Why did you decide to try out for “The Vagina Monologues”?
Last year I was a TA [Teaching Assistant] and one of my students told me she was in the show, so I wanted to go out and support her. I loved the performance so much that I had decided that I definitely wanted to be part of the next one and had been eagerly waiting to try out all year.
Are guys allowed to audition?
You are only allowed to audition if you identify as female, meaning you either have to be biologically female or transgender. This year, our whole cast is female—everyone has a vagina—but in the past, that has not always been the case. We have a piece called, “They Beat the Boy Out of that Girl,” which is about transgender women. This year, biological females pretending to be transgender are performing it, but transgender females have performed it in the past.
What is your role in the performance?
I’m a narrator, so I open up the show along with two other girls. We introduce each character throughout the show.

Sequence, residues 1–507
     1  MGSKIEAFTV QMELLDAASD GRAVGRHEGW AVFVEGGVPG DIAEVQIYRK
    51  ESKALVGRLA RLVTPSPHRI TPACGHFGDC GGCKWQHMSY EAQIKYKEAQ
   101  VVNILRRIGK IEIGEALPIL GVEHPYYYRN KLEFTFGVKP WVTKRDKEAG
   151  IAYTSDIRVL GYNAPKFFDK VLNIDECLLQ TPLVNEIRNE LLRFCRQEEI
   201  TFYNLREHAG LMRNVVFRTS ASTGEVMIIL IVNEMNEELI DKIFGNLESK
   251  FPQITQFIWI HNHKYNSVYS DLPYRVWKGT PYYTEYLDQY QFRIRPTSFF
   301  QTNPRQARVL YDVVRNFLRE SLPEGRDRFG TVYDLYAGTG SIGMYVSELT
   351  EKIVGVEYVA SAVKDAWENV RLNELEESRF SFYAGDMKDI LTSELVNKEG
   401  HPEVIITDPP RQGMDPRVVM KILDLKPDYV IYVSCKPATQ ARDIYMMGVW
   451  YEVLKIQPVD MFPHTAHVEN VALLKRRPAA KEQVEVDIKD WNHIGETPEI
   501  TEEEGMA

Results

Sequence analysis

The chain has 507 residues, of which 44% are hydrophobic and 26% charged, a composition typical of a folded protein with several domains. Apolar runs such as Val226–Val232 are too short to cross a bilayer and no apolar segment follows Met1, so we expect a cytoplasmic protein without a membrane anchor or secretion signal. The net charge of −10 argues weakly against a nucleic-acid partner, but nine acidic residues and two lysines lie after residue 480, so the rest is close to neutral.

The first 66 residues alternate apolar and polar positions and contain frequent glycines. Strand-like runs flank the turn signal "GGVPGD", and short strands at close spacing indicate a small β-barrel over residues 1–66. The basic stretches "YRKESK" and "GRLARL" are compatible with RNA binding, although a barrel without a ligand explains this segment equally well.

What have you gotten out of your experience?
I have made some great connections with some unbelievable girls. I’ve learned more about myself, of women as a gender, and topics within feminism that society feels are taboo, but that we are able to perform on stage.
What social taboos do you think “The Vagina Monologues” helps disrupt?
Things such as rape, genocide, tampons, and female orgasms that people are afraid to talk about. Even the word “vagina”—vagina is a word we were taught never to say out loud. Instead, people give nicknames to vaginas, such as pussycat, coochie snarcher, labbe, poonani, mushmellow, gladys segalman, paradise land, blossoming flower, and mo’nique. One name that we wanted to add to the show, but we thought too obscene, was bearded ham wallet.